The RUSH Approach to Urogynecology and Pelvic Reconstructive Surgery Services
Health issues that affect your urinary, bowel or sexual function seriously impact your quality of life. A weakened pelvic floor, the group of muscles supporting your pelvic organs, is often the cause of these conditions.
Pelvic floor conditions are both common — one out of four women will have issues — and often curable.
RUSH’s urogynecological team creates a comfortable environment where you can get the help you need to improve your day-to-day life. We start with education, helping you understand your condition, so that together we can determine the best treatment option for your symptoms and overall health.
RUSH Excellence in Urogynecology and Pelvic Reconstructive Surgery Services
- Treatment options that work: Pelvic floor disorders are not only common, but they are often curable. Our team often treats symptoms without surgery using pelvic floor therapy, diet modifications, behavior changes, medications and vaginal laser treatment (MonaLisa Touch). If surgery is needed, our team specializes in minimally invasive vaginal, laparoscopic and robotic surgery techniques.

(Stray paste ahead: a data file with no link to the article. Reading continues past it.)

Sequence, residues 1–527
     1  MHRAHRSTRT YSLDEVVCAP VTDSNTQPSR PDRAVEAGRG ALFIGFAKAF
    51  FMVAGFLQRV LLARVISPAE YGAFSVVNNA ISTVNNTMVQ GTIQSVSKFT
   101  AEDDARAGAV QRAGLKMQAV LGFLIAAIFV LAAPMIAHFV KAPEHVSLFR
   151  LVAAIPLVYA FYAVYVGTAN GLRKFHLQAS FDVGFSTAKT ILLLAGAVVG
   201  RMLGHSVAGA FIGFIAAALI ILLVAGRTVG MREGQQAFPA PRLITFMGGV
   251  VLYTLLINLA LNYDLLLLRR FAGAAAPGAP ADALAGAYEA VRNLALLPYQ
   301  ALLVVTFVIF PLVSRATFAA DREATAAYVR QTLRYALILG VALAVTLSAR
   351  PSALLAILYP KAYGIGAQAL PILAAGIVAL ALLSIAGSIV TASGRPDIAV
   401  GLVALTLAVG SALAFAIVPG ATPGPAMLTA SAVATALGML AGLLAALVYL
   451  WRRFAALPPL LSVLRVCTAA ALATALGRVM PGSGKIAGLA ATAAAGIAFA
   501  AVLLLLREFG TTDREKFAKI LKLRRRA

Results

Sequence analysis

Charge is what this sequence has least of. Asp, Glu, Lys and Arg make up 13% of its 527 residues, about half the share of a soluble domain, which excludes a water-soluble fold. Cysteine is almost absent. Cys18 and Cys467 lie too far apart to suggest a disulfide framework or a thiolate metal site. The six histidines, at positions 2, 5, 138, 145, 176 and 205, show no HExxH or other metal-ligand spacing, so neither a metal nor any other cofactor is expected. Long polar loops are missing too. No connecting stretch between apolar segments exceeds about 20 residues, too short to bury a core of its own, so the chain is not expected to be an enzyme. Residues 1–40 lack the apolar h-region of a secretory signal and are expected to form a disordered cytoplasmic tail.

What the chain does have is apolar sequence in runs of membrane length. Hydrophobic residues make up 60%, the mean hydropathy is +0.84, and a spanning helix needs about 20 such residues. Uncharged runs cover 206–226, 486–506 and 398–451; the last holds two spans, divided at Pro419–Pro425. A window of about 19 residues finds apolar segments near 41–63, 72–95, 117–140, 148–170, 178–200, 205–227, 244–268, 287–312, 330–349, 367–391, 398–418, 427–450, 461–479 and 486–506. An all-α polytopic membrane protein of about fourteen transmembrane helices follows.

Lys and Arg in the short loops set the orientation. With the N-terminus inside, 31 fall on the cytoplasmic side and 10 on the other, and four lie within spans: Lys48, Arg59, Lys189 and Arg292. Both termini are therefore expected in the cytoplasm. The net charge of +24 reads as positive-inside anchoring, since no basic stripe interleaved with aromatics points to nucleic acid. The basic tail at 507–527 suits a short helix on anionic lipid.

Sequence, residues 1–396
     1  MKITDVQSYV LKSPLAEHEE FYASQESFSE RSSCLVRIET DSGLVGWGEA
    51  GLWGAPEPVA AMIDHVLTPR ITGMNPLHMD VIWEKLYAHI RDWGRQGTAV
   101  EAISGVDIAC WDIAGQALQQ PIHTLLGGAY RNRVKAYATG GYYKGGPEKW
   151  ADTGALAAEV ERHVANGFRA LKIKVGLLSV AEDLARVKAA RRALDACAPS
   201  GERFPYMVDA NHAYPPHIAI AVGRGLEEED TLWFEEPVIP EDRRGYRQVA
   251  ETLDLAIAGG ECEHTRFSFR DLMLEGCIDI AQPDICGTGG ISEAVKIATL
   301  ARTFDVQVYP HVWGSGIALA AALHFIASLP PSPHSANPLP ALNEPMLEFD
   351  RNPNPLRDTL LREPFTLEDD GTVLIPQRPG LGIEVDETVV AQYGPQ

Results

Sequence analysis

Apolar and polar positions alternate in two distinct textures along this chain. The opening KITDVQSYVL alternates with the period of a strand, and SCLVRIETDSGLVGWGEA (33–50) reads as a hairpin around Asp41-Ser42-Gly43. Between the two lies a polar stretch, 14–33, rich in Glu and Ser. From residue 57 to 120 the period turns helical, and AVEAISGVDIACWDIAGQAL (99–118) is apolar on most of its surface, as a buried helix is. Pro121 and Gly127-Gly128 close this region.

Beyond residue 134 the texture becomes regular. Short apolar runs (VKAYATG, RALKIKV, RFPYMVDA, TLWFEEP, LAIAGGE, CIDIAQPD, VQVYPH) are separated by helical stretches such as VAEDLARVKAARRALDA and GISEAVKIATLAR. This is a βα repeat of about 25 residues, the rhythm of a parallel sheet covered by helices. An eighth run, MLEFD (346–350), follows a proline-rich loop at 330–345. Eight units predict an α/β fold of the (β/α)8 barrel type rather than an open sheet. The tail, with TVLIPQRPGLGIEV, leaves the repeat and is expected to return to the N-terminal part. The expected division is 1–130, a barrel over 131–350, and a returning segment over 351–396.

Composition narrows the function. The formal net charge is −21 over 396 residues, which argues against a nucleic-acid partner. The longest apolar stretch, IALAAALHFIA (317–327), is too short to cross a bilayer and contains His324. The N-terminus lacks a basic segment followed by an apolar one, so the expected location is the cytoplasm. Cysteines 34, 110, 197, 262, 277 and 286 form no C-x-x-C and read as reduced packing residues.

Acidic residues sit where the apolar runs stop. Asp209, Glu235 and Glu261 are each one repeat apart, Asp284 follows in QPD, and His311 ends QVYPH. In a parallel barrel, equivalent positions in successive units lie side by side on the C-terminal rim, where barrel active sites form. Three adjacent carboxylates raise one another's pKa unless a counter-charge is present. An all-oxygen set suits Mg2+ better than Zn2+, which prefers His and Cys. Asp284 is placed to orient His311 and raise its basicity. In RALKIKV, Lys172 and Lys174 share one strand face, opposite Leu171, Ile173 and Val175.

- Expanded program for complex cases: RUSH University Medical Center’s Program for Abdominal and Pelvic Health brings together experts, including urogynecologists, colon and rectal surgeons and physical therapists, to address the most complex pelvic health conditions. Often, if you're participating in this program, you are experiencing more than one pelvic issue and need comprehensive care to treat all symptoms. By working together, our providers can develop a care plan based on how your conditions relate to each other, and which treatments will be the most effective in finding you relief.
- Caring for all patients: In partnership with the RUSH Center for Gender, Sexuality & Reproductive Health, we treat all patients, regardless of sexual orientation or gender identity. Recognizing the intimate nature of pelvic floor disorders, we offer compassionate and confidential care for conditions such as incontinence and pelvic organ prolapse that can affect LGBTQ+ individuals more often.